A Conversation with Dawin Meckel





Shortly after discovering Dawin Meckel’s portrait of Detroit, I approached him to find out more about this body of work: How did he go about photographing Detroit? How did this body of work get made? (more)

Jörg Colberg: Going to Detroit to take photographs seems like such a curious decision, given there is so much work coming out of Detroit, and given Detroit has become such a symbol for lazy narratives about America (see all the debates about “ruin porn” etc.). Why did you decide to take photographs in Detroit of all places?

Dawin Meckel: Almost three years ago, I decided to do a project on Detroit for our OSTKREUZ group exhibition The City. Becoming and Decaying. Some colleagues were trying to prevent me from doing so. They were worried that as there were so many projects dealing with Detroit as a shrinking city, there was the risk of becoming stuck in a cliché. As a matter of fact most of the works on Detroit I came across during my research didn’t go further than showing the aesthetics of run-down buildings. There were no people in those pictures. I decided to portray the inhabitants that had remained in this post-industrialized city and find out what impact the decay of their environment had on their lives. I soon realized that the story was not only about life in Detroit but also about loneliness. You can, of course, feel lonely in any city but in the case of Detroit this potential is enhanced by the abandoned environment.

JC: What was it that made you realize that?

DM: One of the first things which struck me about Detroit was the emptiness of many parts of the city.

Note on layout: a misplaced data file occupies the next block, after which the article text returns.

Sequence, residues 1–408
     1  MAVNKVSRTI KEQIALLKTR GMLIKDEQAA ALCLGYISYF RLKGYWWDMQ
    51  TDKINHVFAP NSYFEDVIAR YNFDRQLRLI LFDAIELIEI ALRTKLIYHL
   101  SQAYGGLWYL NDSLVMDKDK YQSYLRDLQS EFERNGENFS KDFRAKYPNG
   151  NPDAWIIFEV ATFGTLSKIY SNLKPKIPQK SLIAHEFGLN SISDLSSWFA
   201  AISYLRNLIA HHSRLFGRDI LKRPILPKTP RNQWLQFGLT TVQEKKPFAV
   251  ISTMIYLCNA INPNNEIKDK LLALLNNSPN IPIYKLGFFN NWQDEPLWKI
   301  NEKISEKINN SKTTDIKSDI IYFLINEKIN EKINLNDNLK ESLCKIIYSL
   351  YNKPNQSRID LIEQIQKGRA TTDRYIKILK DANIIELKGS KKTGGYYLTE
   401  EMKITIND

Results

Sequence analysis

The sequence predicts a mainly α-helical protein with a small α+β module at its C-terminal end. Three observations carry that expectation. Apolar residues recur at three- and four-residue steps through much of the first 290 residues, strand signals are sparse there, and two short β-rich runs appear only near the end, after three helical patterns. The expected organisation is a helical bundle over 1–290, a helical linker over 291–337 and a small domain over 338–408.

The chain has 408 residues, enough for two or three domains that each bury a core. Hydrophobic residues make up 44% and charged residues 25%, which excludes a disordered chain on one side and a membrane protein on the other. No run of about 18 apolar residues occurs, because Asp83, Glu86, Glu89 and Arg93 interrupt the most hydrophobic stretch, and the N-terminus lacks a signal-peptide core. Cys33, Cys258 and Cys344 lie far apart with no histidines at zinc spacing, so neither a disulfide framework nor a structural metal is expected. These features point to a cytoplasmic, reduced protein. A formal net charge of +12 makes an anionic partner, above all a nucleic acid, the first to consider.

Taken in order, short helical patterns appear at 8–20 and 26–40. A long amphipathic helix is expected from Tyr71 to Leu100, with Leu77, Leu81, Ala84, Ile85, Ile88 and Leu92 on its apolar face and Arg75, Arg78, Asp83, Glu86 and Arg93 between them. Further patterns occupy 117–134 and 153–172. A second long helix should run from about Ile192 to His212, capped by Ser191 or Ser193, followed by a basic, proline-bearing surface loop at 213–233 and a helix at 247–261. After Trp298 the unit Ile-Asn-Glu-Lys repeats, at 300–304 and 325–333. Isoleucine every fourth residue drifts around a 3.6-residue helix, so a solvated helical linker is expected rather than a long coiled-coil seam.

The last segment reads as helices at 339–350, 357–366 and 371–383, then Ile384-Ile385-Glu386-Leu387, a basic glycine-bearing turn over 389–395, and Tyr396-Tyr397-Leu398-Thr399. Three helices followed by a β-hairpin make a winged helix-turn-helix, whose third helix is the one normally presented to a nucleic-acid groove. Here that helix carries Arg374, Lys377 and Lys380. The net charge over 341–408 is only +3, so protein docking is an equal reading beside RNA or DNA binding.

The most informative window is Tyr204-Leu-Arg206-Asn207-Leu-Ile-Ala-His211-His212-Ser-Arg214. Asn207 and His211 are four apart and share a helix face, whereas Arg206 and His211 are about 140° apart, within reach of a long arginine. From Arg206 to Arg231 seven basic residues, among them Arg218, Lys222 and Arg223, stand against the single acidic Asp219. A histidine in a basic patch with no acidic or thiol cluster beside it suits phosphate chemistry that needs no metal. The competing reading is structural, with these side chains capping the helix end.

As a matter of fact since the 1950s the population has decreased from nearly 2 million to 900.000 people. Last month I came across scenes from a documentary film shot in the city center of Detroit during the post-war area. I couldn’t believe how crowded the city once was and how confident its inhabitants appeared.

In Detroit loneliness is not only perceptible but also visible. Today houses, places and streets built to host masses of people are desolated. Some former neighborhoods are fallow land now, buildings are burned down in order to keep drug dealers out. And those people still living in Detroit are scattered all about this enormous urban area. Of course, being surrounded by people does not shield you from loneliness either, sometimes the opposite is true, and still living in a city designed for and once inhabited by many more makes you necessary feel somehow left over.

JC: How did you approach taking photos in Detroit? How did you prepare for it?

DM: I only had one contact I had made via the internet, a blogger who writes about the local hip hop scene and introduced me to a lot of his friends. I mostly relied on coincidences though.

JC: Did you have a general idea of what you wanted to portray before you went?

DM: Before I left, I had the idea of telling the story of Detroit by portraying the hip hop scene, as many of the artists deal with the environment in their songs. Soon after my arrival I realized that focusing on them would have made the perspective too narrow, I would have lost out on many other stories to tell and places to show. I felt that for me the combination of environmental portraits and photos of architecture was the right way of approaching the city.